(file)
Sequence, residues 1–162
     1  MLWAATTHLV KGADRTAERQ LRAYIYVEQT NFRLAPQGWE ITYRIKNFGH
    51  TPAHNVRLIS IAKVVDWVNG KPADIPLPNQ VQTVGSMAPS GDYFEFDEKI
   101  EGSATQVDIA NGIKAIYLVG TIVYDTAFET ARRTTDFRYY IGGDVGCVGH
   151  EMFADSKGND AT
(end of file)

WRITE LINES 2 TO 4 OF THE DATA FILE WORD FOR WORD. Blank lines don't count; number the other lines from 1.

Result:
     1  MLWAATTHLV KGADRTAERQ LRAYIYVEQT NFRLAPQGWE ITYRIKNFGH
    51  TPAHNVRLIS IAKVVDWVNG KPADIPLPNQ VQTVGSMAPS GDYFEFDEKI
   101  EGSATQVDIA NGIKAIYLVG TIVYDTAFET ARRTTDFRYY IGGDVGCVGH